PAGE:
Making life easier for cancer patients
It’s never easy to hear the words “You have cancer.”
The diagnosis can trigger emotions (How will this affect my life?) and concerns (Will my insurance pay for this?). These can feel overwhelming—and make coping with the disease difficult.
At Nazareth Hospital, we want to help patients who are struggling with the day-to-day challenges of living with cancer. That’s why we offer something called distress screening to patients newly diagnosed with the disease.
It’s designed to pinpoint problems patients may be having and—most important—provide them with support and solutions.
“Having cancer can be stressful,” says Robert DiDomenico, Administrative Director of the Oncology Program at Nazareth Hospital. “We want to help reduce that stress as much as we can.”
We’re here to help you
Within a few days of starting treatment, cancer patients fill out a private questionnaire that measures their level of anxiety or depression. It takes 10 minutes or less to complete.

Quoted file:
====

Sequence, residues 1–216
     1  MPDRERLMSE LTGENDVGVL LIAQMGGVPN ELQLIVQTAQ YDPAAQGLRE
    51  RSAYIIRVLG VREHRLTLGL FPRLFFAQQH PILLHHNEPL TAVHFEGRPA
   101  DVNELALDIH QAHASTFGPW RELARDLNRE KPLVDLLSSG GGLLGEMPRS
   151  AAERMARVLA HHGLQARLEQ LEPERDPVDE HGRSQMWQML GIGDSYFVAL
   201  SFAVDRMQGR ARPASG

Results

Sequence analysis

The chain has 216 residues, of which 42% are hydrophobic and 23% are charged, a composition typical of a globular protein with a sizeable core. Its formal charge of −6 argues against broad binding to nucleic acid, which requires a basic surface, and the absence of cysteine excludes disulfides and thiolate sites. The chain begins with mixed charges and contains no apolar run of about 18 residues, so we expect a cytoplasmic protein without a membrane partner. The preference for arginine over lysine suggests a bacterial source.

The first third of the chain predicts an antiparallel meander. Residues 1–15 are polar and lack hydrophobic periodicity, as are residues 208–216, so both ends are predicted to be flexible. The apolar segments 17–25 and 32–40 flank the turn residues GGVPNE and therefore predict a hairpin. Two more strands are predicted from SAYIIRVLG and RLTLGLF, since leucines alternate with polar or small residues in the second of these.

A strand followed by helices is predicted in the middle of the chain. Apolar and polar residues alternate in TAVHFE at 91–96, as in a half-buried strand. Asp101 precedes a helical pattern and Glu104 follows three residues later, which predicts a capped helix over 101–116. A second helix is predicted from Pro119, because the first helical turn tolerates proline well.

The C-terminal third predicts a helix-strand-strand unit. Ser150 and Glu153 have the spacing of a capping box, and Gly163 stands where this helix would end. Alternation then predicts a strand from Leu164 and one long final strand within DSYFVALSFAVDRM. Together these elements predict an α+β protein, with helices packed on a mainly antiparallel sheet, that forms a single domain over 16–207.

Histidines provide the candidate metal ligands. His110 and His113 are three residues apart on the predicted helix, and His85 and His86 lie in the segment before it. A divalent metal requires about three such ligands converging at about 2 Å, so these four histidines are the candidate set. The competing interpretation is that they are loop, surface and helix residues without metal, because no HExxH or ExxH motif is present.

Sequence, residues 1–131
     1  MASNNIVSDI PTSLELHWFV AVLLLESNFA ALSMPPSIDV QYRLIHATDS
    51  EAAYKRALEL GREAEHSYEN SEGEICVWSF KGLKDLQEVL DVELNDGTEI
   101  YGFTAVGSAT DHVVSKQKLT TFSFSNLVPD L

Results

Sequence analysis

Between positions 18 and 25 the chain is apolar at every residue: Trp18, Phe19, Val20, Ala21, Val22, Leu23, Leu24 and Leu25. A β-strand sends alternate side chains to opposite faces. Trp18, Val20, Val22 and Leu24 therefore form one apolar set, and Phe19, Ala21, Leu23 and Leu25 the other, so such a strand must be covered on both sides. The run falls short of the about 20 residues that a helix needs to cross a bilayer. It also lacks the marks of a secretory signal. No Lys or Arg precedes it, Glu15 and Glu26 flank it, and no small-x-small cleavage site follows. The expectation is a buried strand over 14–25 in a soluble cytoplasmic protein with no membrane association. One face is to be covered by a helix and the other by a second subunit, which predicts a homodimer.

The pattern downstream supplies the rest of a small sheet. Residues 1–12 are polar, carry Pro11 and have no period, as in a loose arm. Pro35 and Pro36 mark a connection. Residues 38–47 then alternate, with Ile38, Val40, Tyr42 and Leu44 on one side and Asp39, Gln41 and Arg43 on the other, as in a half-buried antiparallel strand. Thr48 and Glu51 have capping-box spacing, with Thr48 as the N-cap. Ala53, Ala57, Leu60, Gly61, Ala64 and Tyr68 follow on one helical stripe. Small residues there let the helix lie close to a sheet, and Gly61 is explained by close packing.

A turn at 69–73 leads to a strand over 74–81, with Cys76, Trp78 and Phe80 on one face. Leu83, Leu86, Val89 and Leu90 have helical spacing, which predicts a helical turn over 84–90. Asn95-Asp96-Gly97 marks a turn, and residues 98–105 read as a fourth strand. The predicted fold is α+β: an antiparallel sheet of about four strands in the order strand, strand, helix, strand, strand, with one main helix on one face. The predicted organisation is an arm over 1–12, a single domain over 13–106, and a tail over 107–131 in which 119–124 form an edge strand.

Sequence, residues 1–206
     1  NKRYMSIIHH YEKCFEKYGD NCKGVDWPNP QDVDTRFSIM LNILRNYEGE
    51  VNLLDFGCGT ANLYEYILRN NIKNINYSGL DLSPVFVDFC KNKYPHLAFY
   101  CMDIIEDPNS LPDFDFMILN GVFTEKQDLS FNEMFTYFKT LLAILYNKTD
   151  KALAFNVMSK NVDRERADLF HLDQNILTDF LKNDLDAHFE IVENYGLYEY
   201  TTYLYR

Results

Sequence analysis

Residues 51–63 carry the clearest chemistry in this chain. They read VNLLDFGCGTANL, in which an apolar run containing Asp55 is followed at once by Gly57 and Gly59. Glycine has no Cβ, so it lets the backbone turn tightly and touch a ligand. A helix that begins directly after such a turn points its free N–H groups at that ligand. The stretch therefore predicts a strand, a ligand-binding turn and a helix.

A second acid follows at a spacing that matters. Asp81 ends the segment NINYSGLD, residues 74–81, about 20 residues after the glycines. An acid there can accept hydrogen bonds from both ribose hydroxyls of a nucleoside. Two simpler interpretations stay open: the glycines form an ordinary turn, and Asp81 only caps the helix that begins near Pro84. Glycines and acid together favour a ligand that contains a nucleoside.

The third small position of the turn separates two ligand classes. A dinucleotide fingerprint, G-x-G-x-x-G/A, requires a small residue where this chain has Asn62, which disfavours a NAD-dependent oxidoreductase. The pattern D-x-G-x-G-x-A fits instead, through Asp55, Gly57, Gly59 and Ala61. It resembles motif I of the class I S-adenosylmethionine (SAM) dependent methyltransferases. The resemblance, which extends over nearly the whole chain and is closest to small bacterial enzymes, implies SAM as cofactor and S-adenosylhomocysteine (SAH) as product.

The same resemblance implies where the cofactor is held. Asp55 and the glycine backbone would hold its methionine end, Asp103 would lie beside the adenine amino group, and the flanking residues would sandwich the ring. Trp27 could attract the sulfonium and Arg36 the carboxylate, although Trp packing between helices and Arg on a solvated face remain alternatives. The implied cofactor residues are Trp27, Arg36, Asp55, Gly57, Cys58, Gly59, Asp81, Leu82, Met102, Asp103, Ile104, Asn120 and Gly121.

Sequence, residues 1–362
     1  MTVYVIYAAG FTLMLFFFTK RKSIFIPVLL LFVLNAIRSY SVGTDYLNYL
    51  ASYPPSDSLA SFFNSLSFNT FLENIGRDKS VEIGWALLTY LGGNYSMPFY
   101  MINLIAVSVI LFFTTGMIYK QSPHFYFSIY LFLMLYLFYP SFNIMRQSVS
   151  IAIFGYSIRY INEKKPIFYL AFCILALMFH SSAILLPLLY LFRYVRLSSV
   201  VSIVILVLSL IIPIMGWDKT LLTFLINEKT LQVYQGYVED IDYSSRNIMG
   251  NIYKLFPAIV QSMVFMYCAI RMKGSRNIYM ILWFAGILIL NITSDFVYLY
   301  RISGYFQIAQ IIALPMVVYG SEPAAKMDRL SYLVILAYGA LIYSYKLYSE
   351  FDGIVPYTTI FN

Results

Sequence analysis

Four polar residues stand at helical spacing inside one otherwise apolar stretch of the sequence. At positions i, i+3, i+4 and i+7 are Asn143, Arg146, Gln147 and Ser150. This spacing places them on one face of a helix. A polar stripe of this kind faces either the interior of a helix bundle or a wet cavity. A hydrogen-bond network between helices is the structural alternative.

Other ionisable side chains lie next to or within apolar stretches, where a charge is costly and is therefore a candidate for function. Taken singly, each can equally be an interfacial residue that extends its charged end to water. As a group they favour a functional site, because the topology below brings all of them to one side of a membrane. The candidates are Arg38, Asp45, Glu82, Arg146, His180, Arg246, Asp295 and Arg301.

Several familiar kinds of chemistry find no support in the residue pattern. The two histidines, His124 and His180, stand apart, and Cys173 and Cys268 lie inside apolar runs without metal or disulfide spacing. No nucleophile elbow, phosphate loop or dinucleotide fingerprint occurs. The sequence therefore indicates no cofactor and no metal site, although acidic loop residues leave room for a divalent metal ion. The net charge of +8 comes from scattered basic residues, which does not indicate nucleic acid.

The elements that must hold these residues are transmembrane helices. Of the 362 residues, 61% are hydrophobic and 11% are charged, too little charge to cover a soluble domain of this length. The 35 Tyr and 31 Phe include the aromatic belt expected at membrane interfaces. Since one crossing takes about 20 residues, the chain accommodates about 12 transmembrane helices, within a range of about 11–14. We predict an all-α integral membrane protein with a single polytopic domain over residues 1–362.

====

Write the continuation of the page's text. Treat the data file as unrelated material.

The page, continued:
The survey includes questions about how the person is feeling—emotionally, physically and spiritually—and whether he or she is worried about things such as paying the bills, getting to the hospital for treatment, quitting smoking or holding down a job.
Immediately after completing the questionnaire, the patient is given a report that lists resources for getting help. A staff member also goes over the report with the patient.
The next step is often a referral to a specialist—such as a mental health expert, social worker, tobacco counselor or spiritual advisor—based on the patient’s needs.
“Whatever’s going on that’s distressing you, we want to help,” DiDomenico says. “In addition to treating your disease, we’re here to help care for the physical, emotional and spiritual needs of our patients.”